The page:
One of the most important phases of the whole UX research process is obtaining relevant information from target users. That’s basically what the whole process is all about —focusing on the end user and their pain points. By understanding their challenges, we can design the product to solve those needs.
User interviews help us gain a deeper understanding of people’s expectations so we can create a better product for them to use. Interviews are also one of the most commonly used methods in UX research because it is an easy and cheap way to obtain needed information.
Step by step guide
Finding the right people for user interviews can be a tough and time-consuming process. When searching for users, it is important to select your respondents carefully, making sure that they represent your target users — otherwise their insights won’t be relevant and helpful to your product.
The first thing is to identify your target users. If you already did the stakeholder interview, you’d have defined your audience for the project, and based on those data, identified your end-user profiles with specified metrics. So the next step will be to reach out to people who match those criteria.
Prepare for an interviewLike with the stakeholder interview, if you want to have a valuable outcome, you need to be well prepared. Write down a list of questions that will serve as your script and help guide the structure of the interview. Again, keep in mind that the interview should be conversational and free-flowing. The script is only a map to help you to keep the discussion on the right path.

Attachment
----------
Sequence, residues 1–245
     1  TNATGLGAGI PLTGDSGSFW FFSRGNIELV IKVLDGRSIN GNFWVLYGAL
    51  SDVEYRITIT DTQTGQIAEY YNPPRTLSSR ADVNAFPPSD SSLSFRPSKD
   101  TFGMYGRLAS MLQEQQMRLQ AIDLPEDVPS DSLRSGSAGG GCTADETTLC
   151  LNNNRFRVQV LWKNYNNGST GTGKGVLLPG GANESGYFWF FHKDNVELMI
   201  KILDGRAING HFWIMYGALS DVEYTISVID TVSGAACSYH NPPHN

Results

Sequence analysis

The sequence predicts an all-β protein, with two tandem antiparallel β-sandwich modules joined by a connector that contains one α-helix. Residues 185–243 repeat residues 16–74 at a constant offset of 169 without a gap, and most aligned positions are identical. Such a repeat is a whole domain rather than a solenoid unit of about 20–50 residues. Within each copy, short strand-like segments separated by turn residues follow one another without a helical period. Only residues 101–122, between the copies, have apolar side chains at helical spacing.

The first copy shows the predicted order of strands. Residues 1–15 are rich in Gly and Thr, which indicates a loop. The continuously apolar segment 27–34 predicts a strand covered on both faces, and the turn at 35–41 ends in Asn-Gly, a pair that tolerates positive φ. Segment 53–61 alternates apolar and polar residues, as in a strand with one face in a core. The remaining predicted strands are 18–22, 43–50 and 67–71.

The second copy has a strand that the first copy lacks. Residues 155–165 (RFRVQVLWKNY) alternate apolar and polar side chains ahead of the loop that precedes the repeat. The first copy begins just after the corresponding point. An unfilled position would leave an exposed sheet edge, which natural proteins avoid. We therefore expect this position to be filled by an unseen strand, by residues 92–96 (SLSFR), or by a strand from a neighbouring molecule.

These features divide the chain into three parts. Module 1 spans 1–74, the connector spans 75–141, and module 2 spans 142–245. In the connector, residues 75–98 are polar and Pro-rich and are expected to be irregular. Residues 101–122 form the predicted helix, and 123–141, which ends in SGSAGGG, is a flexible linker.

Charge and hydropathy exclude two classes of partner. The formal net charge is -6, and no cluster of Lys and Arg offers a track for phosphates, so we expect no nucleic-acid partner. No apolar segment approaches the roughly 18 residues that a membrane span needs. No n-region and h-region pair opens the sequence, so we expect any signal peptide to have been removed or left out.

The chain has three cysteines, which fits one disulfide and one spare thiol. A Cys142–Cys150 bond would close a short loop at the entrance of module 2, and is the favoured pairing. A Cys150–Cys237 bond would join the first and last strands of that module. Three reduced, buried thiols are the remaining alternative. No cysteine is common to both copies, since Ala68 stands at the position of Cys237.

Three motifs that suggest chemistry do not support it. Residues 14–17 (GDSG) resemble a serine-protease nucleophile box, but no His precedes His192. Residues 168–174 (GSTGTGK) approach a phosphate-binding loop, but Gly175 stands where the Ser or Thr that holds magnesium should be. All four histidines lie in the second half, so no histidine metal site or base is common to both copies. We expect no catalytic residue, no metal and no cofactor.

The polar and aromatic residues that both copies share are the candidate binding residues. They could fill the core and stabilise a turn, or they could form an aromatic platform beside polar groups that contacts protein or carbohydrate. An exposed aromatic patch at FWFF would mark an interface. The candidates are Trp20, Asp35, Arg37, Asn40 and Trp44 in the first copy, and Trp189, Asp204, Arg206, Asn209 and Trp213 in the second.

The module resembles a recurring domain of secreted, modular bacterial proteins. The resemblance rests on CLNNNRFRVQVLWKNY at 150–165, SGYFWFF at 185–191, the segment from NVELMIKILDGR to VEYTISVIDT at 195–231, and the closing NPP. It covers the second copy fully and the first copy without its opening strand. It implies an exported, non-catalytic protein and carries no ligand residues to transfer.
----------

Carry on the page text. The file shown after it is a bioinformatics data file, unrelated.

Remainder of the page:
Decide on the kind of information that you need from the users. For example, if your goal is to understand how people use calendar apps, then you’ll need to prepare questions that lets you gain valuable information about the field, i.e. what calendar apps are they currently using? how often? Are they using it for professional or private purposes?
When preparing your questions, make sure that they are:
- non-leading — they don’t suggest any answer or any general approach to the topic
- open-ended — it will help you avoid non-productive interviews that won’t give you valuable insights
- specific and clear — speak the language that is understandable for you and your respondent. Keep your questions short and ask only one question at a time.
Here is a list of sample questions you can find in Talebook’s User Interview Method
You can add it directly to your interview script, make changes and add your own questions that match your project.
In addition to the main, product-based questions, prepare some warm-up questions to ask at the beginning of the interview. It can be 3–5 questions about your respondent, such as their occupation, hobbies, attitude towards technology, etc. These questions will help you to gain some basic information and make the respondent start to feel more comfortable for further discussion.
You can also find sample warm-up questions in Talebook, in the X section and add them to your script.
Decide how you’ll take notesTo fully prepare for the interview, you’ll need to have a way to take notes during the session. The most convenient way is to record the interview — it enables you to be more concentrated on your respondent, without missing anything important. It also allows you to analyze their non-verbal way of answering questions — like facial expressions, body language, tone of voice — which will help you better understand your respondent.